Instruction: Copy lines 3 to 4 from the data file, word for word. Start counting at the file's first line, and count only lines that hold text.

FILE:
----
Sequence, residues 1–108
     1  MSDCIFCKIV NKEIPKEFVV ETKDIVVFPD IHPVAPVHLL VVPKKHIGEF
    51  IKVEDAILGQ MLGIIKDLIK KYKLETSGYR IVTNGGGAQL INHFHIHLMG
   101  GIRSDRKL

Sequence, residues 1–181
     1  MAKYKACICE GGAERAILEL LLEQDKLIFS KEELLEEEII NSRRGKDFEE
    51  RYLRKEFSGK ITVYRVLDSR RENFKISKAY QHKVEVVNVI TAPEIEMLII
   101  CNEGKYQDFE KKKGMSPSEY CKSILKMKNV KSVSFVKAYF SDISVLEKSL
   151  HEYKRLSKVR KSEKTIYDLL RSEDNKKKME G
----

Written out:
    51  IKVEDAILGQ MLGIIKDLIK KYKLETSGYR IVTNGGGAQL INHFHIHLMG
   101  GIRSDRKL